by Lori Allen
6323 Racetrack Road
St. Johns, Florida
It’s that time of year and so I thought it would be a great idea to try out one of those favorites people love to eat at the ball parks…peanuts! Although this is not your ordinary roasted peanut….these are Gourmet Boiled Peanuts!
Randezz Nutz is the place to go if you want to try out original gourmet boiled peanuts. He is portable, but he does have a set schedule where he is on Race track road the majority of the time and makes what he likes to call the first ever Gourmet Boiled Peanuts. He told me that there has never been a market for gourmet peanuts so he created one. I asked him what makes them gourmet so he proceeded to have me taste them and see what I thought. Regular Gourmet was the first flavor I tried, these green peanuts are boiled with pineapples, carrots, ginger, lemon zest, onions and seasonings to give you a sweet tangy flavor. You can’t help but to suck out the juice before you pop open the peanut and delve in. It is so fully of sweet juicy fruity flavor and still a little salty because it is a peanut after all. The next kind we tried is called Cajun Gourmet boiled peanuts. These are similar to his regular gourmet ones but he adds Pepperoncini= banana pepper= sweet Italian pepper (that’s right, those funny yellowish green peppers you get with pizza or on a Greek salad) and Jalapenos which gives that tangy sweetness you get from the regular gourmet ones plus the extra heat you need to be calling them Cajun. He also throws in garlic and of course Cajun spices. They are hot enough that you might want a cold beer to go along with them but not so hot that you stop eating them! The heat is just enough to keep you coming back for more. These two flavors are what he has every day on the menu. But then he always has a special flavor of the day. When I stopped in the specialty of the day was Smoked turkey. That’s right smoked turkey boiled peanuts! The juice of these tasted like you were eating a thanksgiving peanut! He boiled them with smoked turkey (of course), celery, garlic, rosemary, thyme and a bunch of other seasonings. These were my son’s favorites and as an added bonus you sometimes even get actual chunks of smoked turkey...yum!
Some of Randezz other flavors include Korean barbeque, braised beef ribs with toasted sesame seeds, smoked kielbasa and bacon, lemon pepper and many more. You can call ahead and see what flavors he’s got going on that day or ask him on Facebook. I asked him where did he get his talent for making such tasty food and he told me although he was born and raised here in Jacksonville he spent some time in Mississippi as a sous chef…well that paid off because you can sure taste some of those Cajun flavors in his peanuts!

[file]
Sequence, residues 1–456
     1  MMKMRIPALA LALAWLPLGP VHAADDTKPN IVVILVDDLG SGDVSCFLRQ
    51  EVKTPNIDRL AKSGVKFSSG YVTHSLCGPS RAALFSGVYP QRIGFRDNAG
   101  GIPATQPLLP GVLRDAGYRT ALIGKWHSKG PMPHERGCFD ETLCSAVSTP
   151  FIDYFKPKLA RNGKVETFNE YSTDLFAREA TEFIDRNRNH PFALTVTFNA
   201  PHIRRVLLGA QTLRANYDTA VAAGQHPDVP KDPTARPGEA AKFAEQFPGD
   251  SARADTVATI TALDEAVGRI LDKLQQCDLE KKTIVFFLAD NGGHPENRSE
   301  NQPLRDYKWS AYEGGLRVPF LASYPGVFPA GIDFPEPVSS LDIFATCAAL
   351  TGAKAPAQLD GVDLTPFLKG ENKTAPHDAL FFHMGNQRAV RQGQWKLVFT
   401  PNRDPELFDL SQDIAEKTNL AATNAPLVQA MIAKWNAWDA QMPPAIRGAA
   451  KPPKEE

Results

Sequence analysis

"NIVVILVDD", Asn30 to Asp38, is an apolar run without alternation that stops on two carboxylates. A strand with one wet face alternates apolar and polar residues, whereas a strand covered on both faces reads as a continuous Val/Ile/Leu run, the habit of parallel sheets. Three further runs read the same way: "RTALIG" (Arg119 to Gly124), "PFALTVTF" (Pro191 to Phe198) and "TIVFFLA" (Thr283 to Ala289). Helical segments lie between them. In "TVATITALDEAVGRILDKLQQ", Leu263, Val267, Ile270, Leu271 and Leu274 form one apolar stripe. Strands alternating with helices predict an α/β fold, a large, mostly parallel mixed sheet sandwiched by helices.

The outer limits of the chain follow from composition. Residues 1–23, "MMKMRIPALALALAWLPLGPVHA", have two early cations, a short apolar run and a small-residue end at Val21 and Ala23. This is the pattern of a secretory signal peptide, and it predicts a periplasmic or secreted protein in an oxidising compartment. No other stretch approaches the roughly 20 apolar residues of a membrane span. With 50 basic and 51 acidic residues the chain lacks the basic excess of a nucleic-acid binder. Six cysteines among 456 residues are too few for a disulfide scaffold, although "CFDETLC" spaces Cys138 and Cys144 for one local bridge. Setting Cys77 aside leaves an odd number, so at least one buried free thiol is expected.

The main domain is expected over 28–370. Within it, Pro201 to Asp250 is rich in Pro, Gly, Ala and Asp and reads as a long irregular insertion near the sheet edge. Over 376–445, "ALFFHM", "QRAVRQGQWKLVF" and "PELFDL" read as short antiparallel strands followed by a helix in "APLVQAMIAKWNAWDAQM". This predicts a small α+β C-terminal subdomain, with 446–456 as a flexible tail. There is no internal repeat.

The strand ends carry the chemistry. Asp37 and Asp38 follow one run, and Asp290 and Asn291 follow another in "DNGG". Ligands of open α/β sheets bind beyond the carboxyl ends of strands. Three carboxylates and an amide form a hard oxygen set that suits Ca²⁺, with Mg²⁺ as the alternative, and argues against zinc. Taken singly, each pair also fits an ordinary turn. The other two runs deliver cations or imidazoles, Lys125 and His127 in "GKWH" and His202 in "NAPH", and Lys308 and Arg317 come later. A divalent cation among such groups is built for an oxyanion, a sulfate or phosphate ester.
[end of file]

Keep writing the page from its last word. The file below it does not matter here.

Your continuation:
Randezz said it takes 12 hours to make one batch of boiled peanuts and he makes about 3 batches a night and up to 300lbs a week. These fine green peanuts are shipped to him from Virginia the peanut capital of the US.
Fun Fact: Boiled peanuts are widely consumed and commercially available in an area of the Southern United States from southern Virginia, south to central Florida, as far north as Ohio and west to Mississippi. The peanuts are sold in the hull and either boiled with only salt or with a piquant spice mixture such as Old Bay. Boiling peanuts has been a folk cultural practice in the Southern United States, where they were originally called goober peas, since at least the 19th century. The practice of eating boiled peanuts was likely brought by slaves from Africa. In July and August, when the peanut crops would come in, unsold and surplus peanuts would be prepared in a boil and extended families and neighbors would gather to share conversation and food. Boiled peanuts are symbols of Southern culture and cuisine. The first recipe for boiled peanuts was published by Almeda Lambert in 1899!
St. Johns Mag
Guest blogger and foodies looking exploring local restaurants.
Lori Allen is a local who moved from the Boston area to attend Flagler College and never left. She is a family person that loves the beach, football, working out and finding new places to try. Her love for food comes from her northern background and her love of cooking as well as meeting new and interesting people. She has never met a stranger nor has she ever been afraid to try an intriguing place. (Check out all her reviews on stjohnsmag.com)
Lori now has her own instagram page -check it out at mywanderingfork